Kenyan lobbyists have raised concerns over the secrecy surrounding Kenya’s oil exports, saying it does not augur well for transparency in the sector.
President Uhuru Kenyatta recently announced that Kenya had joined the league of oil exporting countries but the government remains tight-lipped on the destination of the exports.
“We are now an oil exporter. We have started the journey and it is up to us to ensure that those resources are put to the best use to make our country prosperous and to ensure we eliminate poverty,” said the president, adding that the country fetched $12 million for its first consignment of 200,000 barrels.
Kenya reportedly managed to get a premium price for its sweet light crude which sold at $60 per barrel, an uptick of nearly 40 per cent above the $43 per barrel that the government had set as the break-even point for the Early Oil Pilot Scheme (EOPS).
Andrew Kamau, Petroleum Principal secretary, told The EastAfrican that the first shipment will leave the port of Mombasa at the end of the month following the upgrade of the existing pipeline and completion of a ship-loading facility.
But he still would not divulge the destination or whether it was bought directly by a refinery or a broker, saying the government plans to issue an official statement in the coming days.
“We note with deep concern that the government has adopted an attitude of non-disclosure,” said Charles Wanguhu, Kenya Civil Society Platform on Oil and Gas co-ordinator.
He added that the government needs to make public the production-sharing agreement signed with Tullow Oil and its joint venture partners for Kenyans to know how the resources generated will be utilised and shared.
“The president’s announcement should have specified how much of the $12 million would cover the costs of EOPS and how much EOPS would eventually cost taxpayers cumulatively,” he said.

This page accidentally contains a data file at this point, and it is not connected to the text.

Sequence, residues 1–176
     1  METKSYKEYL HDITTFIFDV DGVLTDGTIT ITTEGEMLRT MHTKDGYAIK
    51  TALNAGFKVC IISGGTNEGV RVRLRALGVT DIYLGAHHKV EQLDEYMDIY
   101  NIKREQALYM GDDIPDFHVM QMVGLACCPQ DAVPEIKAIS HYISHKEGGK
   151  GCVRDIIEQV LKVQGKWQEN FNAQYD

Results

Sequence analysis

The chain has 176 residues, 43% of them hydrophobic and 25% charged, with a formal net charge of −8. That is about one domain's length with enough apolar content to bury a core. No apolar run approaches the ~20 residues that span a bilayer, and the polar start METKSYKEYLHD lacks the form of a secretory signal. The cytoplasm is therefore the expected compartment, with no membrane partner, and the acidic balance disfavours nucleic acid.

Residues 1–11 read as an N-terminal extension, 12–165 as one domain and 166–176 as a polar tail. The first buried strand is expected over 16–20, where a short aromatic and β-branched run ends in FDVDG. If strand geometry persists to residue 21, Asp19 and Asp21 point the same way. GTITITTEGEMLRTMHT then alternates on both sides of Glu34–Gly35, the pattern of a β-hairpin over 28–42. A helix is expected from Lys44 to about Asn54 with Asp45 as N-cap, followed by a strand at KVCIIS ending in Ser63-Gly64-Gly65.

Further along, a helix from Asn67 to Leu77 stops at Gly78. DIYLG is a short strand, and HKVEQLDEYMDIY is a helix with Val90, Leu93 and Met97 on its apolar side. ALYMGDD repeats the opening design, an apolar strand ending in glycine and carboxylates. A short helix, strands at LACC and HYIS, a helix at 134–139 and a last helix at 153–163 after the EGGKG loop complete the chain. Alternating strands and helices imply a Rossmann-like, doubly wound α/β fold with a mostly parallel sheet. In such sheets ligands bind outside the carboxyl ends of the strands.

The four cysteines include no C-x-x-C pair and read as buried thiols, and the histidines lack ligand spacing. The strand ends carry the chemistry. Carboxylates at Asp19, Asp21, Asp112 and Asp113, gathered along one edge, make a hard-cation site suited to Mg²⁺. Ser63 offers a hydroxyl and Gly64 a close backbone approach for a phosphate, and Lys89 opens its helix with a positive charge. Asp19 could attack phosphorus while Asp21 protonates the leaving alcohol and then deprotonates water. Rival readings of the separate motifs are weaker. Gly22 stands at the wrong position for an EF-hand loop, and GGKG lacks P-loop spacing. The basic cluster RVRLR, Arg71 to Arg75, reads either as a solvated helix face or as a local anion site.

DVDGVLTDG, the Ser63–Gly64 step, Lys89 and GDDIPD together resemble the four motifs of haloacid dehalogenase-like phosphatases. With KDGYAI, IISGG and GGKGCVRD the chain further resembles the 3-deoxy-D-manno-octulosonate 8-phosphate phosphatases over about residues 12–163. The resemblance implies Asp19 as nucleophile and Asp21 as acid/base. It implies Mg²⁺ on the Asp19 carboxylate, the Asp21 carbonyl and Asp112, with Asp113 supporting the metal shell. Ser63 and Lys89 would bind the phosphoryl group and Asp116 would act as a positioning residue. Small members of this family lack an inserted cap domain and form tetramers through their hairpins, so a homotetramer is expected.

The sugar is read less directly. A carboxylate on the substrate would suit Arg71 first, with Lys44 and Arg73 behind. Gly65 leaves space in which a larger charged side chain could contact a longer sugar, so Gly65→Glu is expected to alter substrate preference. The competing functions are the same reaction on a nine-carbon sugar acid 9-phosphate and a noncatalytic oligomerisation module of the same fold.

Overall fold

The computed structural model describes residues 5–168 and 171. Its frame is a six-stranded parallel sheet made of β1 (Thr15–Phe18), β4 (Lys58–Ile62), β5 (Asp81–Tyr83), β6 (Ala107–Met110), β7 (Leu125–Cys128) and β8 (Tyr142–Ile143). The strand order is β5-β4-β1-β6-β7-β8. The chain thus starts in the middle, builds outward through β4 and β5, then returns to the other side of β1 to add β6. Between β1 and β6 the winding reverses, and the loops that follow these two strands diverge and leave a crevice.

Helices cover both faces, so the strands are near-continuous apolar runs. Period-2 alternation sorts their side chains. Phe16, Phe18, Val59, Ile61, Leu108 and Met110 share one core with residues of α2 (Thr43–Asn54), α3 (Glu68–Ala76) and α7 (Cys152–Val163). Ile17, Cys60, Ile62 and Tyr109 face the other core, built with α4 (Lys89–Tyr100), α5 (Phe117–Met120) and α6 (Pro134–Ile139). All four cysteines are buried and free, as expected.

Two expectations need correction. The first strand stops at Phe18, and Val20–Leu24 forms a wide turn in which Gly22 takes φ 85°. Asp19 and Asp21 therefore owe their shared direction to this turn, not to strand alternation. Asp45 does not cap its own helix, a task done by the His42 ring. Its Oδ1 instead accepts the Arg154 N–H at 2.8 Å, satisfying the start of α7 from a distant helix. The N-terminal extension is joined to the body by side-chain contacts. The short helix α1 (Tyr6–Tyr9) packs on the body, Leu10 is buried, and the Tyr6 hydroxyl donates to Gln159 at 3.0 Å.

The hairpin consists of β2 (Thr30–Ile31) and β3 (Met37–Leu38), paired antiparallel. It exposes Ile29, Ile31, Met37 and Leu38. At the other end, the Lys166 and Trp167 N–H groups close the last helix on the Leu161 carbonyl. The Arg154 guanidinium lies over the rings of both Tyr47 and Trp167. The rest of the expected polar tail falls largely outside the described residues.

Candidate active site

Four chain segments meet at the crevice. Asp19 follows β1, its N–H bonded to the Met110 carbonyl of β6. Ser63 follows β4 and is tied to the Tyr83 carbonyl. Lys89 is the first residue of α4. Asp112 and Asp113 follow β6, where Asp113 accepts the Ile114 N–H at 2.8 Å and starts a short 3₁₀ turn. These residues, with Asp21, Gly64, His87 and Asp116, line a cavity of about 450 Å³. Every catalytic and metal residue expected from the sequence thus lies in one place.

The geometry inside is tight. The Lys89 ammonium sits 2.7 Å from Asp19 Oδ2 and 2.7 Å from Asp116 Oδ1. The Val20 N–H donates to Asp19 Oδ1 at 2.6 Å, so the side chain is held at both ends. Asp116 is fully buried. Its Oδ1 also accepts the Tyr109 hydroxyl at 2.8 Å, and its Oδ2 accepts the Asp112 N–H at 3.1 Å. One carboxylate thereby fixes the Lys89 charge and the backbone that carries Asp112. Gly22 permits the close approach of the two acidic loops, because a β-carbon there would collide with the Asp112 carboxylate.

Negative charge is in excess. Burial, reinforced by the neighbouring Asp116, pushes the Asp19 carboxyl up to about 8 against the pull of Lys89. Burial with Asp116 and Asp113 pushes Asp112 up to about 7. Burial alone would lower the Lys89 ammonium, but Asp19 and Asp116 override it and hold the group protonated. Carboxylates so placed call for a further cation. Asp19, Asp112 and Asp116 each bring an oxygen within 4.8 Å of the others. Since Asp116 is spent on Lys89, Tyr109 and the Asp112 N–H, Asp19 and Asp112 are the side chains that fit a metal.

Tullow Oil, which has the largest interests in oil in Kenya, with a 50 per cent stake, and has been pushing for exports under the EOPS, is seeking to recoup its investment, estimated at $1.8 billion.
The government has maintained the scheme is necessary as a precursor to full development and commercialization of the crude oil business, and is not a money-making operation.
To facilitate exportation of the crude, the Kenya Pipeline Company has completed the modification of the pipeline to incorporate a heating component which will help the waxy Turkana oil to flow to ships.
The 18-inch pipeline runs a distance of 4.5 km from the Kenya Petroleum Refinery Ltd storage tanks to the Kipevu oil terminal, Kenya’s main docking facility for oil tankers in the Indian Ocean. An exportation facility has been installed to facilitate pumping of the crude to ships.
Though the final destination of the Kenya crude remains a matter of conjecture, it has received significant interests from refineries in China and India.
Petroleum analysts also say that brokers from across the globe have been circling around the Kenyan crude with promises to source buyers willing to pay a premium.
“The business of crude involves selling directly to a particular refinery or to a broker who in turn looks for a buyer,” said Linus Gitonga, a petroleum expert.
Delays in the establishment of a sovereign wealth fund to administer resources accrued from oil and other minerals has raised concerns over the manner in which the government intends to utilise the $12 million.
The National Treasury is yet to table the Kenya Sovereign Wealth Fund Bill, 2019 in parliament. The Bill is designed to provide institutional arrangements for effective administration and efficient management of minerals and petroleum revenues.
“All the monies in the fund will be used to finance critical development programmes, build savings for future generations in order to ensure inter-generational equity and for stabilising budgetary expenditures in the event of fluctuations in the price of the natural resources,” Henry Rotich, the suspended National Treasury Cabinet Secretary said in his 2019/20 budget speech.